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"A vested intellectual interest... tinged with a dose of pique"? D. H. Robertson on the National Debt Enquiry

"A vested intellectual interest... tinged with a dose of pique"? D. H. Robertson on the National... to examine the goals and techniques of postwar monetary and debt management policy, including cheap money and the measures necessary to sustain it over the long period.3 When it was finally set up in January 1945, the Enquiry’s committee was a strong one: its membership included Sir Richard Hopkins, the about-to-retire permanent secretary of the Treasury (chair);4 Keynes, Sir Wilfrid Eady, and Sir Herbert Brittain (the senior Treasury officials responsible for financial policy); James Meade (director designate) and Lionel Robbins (director) from the Economic Section of the War Cabinet Offices; and Sir Cornelius Gregg (chair) of the Inland Revenue and Paul Chambers (his director of statistics and intelligence). The Enquiry met three times to hear lectures by Keynes outlining his General Theory analysis of the relation between savings and investment and interest rates and making his proposals for interest rate policy in the postwar period. After a meeting in which the other economists and Treasury officials aired their views, Keynes, Eady, and Brittain were asked to draw up a summary of Keynes’s proposals. At the next meeting the Enquiry discussed the measures and the timing of their introduction, and it was agreed that Sir Richard Hopkins would draft http://www.deepdyve.com/assets/images/DeepDyve-Logo-lg.png History of Political Economy Duke University Press

"A vested intellectual interest... tinged with a dose of pique"? D. H. Robertson on the National Debt Enquiry

History of Political Economy , Volume 36 (1) – Mar 1, 2004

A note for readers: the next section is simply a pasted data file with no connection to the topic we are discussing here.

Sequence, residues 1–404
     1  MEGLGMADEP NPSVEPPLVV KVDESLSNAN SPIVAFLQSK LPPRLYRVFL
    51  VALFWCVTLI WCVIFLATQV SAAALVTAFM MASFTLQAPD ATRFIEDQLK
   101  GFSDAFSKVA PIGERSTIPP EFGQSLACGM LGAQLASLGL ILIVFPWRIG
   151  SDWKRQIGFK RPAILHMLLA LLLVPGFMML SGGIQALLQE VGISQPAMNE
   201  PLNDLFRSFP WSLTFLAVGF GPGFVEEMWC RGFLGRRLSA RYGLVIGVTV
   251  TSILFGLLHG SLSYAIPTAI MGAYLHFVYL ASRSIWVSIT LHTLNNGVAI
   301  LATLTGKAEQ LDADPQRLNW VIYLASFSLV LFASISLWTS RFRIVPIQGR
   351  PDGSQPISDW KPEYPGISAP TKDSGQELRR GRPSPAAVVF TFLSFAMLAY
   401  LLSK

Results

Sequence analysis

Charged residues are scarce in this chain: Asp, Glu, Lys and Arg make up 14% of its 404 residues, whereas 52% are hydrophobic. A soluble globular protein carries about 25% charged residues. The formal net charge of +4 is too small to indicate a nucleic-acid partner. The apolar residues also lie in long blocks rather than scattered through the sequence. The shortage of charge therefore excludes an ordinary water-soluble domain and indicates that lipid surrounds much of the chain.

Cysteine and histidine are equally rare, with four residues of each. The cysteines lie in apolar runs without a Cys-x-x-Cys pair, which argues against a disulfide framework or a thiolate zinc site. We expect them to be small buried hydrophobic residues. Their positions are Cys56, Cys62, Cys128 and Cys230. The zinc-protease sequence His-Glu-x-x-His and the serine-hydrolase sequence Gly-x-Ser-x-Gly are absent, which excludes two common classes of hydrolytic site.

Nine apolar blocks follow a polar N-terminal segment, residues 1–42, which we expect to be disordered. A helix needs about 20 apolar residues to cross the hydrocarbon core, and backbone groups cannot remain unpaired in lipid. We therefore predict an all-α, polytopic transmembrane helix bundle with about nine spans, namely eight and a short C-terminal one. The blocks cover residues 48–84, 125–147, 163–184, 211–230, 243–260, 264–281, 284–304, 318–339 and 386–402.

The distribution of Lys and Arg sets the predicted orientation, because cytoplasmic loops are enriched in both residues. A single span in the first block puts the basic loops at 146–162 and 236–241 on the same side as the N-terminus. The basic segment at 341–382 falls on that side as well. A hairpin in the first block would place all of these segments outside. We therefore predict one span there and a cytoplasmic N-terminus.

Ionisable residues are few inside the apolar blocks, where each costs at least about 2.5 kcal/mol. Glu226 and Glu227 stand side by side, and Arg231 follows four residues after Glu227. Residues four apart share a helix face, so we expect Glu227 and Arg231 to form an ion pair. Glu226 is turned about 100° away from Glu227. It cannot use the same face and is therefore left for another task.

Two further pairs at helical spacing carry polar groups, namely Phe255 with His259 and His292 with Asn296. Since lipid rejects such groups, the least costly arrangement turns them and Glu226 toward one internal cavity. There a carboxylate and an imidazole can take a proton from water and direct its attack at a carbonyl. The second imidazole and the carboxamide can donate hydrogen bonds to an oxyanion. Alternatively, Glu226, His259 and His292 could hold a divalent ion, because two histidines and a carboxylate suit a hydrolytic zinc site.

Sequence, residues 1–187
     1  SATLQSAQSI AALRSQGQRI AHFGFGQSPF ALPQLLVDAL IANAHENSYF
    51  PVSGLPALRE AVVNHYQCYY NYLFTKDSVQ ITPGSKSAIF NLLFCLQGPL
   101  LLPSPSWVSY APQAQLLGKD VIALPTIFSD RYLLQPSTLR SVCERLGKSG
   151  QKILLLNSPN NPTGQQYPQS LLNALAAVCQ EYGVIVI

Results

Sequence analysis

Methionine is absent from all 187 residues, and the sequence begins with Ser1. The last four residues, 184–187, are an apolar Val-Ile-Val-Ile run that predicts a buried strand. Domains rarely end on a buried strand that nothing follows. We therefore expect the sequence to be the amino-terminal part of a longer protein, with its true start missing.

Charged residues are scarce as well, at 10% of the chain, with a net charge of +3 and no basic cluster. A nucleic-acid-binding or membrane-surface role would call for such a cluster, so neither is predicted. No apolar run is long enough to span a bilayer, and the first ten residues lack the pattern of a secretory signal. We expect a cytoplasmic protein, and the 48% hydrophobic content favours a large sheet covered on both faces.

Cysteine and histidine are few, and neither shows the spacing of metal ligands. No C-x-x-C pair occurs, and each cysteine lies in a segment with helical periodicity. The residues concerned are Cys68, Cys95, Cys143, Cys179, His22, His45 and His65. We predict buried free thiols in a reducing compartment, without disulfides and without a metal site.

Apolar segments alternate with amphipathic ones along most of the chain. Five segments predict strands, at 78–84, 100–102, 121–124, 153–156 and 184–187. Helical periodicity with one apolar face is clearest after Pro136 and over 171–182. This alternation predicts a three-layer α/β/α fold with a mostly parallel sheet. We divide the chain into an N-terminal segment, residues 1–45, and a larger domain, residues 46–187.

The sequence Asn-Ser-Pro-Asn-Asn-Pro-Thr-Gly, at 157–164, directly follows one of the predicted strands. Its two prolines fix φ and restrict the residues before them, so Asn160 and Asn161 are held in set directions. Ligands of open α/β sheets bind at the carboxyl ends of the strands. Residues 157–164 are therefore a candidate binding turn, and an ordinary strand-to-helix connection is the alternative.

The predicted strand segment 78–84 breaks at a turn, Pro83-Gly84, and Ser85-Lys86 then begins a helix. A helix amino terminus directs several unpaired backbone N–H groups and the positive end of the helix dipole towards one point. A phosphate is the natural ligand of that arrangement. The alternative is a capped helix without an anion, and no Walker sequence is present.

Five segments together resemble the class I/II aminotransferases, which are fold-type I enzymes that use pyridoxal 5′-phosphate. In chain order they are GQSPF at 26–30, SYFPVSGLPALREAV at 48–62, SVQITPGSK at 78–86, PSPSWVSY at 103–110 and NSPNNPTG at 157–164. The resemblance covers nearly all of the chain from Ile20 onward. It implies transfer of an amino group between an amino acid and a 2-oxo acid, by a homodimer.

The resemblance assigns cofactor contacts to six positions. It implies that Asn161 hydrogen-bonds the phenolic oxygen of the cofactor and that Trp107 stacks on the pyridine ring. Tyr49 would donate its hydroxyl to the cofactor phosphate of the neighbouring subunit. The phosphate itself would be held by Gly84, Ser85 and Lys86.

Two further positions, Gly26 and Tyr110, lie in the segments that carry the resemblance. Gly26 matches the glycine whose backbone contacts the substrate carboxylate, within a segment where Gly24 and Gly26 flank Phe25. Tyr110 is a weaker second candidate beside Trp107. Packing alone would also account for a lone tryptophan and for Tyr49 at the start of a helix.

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Publisher
Duke University Press
Copyright
Copyright 2004 by Duke University Press
ISSN
0018-2702
eISSN
1527-1919
DOI
10.1215/00182702-36-1-187
Publisher site
See Article on Publisher Site

Abstract

to examine the goals and techniques of postwar monetary and debt management policy, including cheap money and the measures necessary to sustain it over the long period.3 When it was finally set up in January 1945, the Enquiry’s committee was a strong one: its membership included Sir Richard Hopkins, the about-to-retire permanent secretary of the Treasury (chair);4 Keynes, Sir Wilfrid Eady, and Sir Herbert Brittain (the senior Treasury officials responsible for financial policy); James Meade (director designate) and Lionel Robbins (director) from the Economic Section of the War Cabinet Offices; and Sir Cornelius Gregg (chair) of the Inland Revenue and Paul Chambers (his director of statistics and intelligence). The Enquiry met three times to hear lectures by Keynes outlining his General Theory analysis of the relation between savings and investment and interest rates and making his proposals for interest rate policy in the postwar period. After a meeting in which the other economists and Treasury officials aired their views, Keynes, Eady, and Brittain were asked to draw up a summary of Keynes’s proposals. At the next meeting the Enquiry discussed the measures and the timing of their introduction, and it was agreed that Sir Richard Hopkins would draft

Journal

History of Political EconomyDuke University Press

Published: Mar 1, 2004

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